Early in the game a Roosevelt player shouted “I support Hamas, you f—king Jew.” According to the Leffell team coach, for the entire game there was hostility and aggression with substantially more jabs and comments thrown at the Leffell players. Towards the end of the third quarter, the game just got too rough. The editor-in-chief of the Leffell paper quoted the players who explained that “instead of responding to hatred with more of the same, we chose to separate ourselves from the situation and leave with dignity and pride in who we are and what we believe." 

In this time of heightened anxiety for Jewish communities around the world, the Head of the Leffell School, Dr. Michael A. Kay, wrote to the parents of the school and explained that the school must take seriously a number of important responsibilities: (1) to ensure that our students/children feel safe and protected; (2) to prepare our students/children for the possibility that they might one day face challenging and uncomfortable situations; (3) to inculcate our students/children with values that will guide their responses to such circumstances.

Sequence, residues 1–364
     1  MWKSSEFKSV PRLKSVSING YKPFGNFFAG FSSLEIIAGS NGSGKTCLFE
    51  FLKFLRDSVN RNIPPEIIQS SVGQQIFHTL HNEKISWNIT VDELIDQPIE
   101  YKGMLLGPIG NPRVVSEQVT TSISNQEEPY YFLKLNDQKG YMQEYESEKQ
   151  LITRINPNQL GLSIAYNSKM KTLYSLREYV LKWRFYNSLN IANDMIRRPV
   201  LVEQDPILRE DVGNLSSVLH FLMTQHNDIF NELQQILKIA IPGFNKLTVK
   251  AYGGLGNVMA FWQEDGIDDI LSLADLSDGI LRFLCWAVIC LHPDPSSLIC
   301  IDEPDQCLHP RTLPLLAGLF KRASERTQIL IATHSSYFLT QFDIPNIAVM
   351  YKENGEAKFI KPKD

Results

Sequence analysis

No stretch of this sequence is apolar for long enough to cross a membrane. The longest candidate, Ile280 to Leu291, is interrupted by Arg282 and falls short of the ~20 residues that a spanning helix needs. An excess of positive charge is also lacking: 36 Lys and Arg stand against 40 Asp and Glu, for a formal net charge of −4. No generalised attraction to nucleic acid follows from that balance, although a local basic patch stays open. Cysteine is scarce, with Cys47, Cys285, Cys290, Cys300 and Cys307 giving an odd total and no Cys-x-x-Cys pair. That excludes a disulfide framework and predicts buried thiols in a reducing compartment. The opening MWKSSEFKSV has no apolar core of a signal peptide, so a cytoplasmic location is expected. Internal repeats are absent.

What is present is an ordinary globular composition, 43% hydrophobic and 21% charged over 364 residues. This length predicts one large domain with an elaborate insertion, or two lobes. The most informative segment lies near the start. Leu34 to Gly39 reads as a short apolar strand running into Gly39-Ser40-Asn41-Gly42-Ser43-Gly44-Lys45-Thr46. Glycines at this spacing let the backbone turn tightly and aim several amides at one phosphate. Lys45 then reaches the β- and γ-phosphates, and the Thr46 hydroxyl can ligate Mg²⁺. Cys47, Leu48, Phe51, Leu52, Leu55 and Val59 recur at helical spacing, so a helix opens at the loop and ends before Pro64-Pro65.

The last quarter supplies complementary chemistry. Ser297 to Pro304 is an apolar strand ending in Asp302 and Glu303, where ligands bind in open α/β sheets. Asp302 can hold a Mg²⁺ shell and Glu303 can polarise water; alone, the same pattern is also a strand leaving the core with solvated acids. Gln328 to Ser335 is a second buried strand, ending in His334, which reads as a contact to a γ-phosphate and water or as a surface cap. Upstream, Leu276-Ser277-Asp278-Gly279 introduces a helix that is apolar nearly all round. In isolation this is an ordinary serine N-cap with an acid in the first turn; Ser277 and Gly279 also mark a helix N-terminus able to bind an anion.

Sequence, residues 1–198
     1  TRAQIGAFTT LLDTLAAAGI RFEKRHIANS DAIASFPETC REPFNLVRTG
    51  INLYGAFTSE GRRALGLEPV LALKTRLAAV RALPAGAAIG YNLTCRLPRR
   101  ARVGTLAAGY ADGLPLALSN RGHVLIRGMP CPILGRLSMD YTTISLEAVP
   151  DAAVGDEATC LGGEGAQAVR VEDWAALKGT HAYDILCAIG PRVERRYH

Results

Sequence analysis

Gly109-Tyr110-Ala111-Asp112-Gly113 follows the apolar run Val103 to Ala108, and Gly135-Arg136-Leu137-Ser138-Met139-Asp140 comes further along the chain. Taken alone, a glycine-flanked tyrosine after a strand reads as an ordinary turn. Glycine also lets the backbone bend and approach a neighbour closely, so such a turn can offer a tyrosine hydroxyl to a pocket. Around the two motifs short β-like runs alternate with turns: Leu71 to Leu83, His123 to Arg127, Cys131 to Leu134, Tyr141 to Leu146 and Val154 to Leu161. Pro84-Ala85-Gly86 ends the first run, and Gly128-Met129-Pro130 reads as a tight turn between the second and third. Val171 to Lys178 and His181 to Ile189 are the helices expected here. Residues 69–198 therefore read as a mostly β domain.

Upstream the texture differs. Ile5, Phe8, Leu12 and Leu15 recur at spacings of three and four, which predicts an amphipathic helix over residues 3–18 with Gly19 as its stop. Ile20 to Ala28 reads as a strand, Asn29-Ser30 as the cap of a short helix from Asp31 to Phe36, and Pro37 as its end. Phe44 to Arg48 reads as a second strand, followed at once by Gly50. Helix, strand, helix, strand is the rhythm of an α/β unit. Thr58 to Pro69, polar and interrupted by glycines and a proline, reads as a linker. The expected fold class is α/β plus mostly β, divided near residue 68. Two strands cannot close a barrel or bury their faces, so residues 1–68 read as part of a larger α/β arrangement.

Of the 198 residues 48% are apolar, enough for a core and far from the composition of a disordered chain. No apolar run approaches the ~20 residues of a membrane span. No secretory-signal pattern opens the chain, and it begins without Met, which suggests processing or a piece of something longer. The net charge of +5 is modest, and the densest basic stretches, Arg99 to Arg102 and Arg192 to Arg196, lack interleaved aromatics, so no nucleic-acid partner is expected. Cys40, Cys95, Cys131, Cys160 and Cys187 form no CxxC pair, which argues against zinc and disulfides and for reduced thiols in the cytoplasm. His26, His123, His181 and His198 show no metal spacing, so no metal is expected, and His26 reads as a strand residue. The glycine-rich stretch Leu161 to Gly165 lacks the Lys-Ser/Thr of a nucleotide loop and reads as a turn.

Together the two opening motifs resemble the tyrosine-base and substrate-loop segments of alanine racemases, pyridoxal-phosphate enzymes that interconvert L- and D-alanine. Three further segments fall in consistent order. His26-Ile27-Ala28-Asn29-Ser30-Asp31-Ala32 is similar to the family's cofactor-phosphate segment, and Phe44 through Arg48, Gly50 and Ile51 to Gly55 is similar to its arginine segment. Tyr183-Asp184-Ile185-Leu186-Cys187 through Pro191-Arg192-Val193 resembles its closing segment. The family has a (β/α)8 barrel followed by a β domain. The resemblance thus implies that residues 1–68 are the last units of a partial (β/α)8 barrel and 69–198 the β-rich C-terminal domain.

We are not alone.

According to the reports I read about the basketball game the head coach of the Leffell School consulted with the players, the opposing coaches and the game officials. At first he monitored the situation. It was towards the end of the third quarter that he decided the conditions were unbearable for high school girls. The game was ended to ensure there would not be any escalation.  

The next day in school, the team debriefed and processed their experience at the game and the girls were given ample opportunities to share their thoughts and feelings. The goal was to ensure that the students conduct themselves with midot (ethical values) and grace.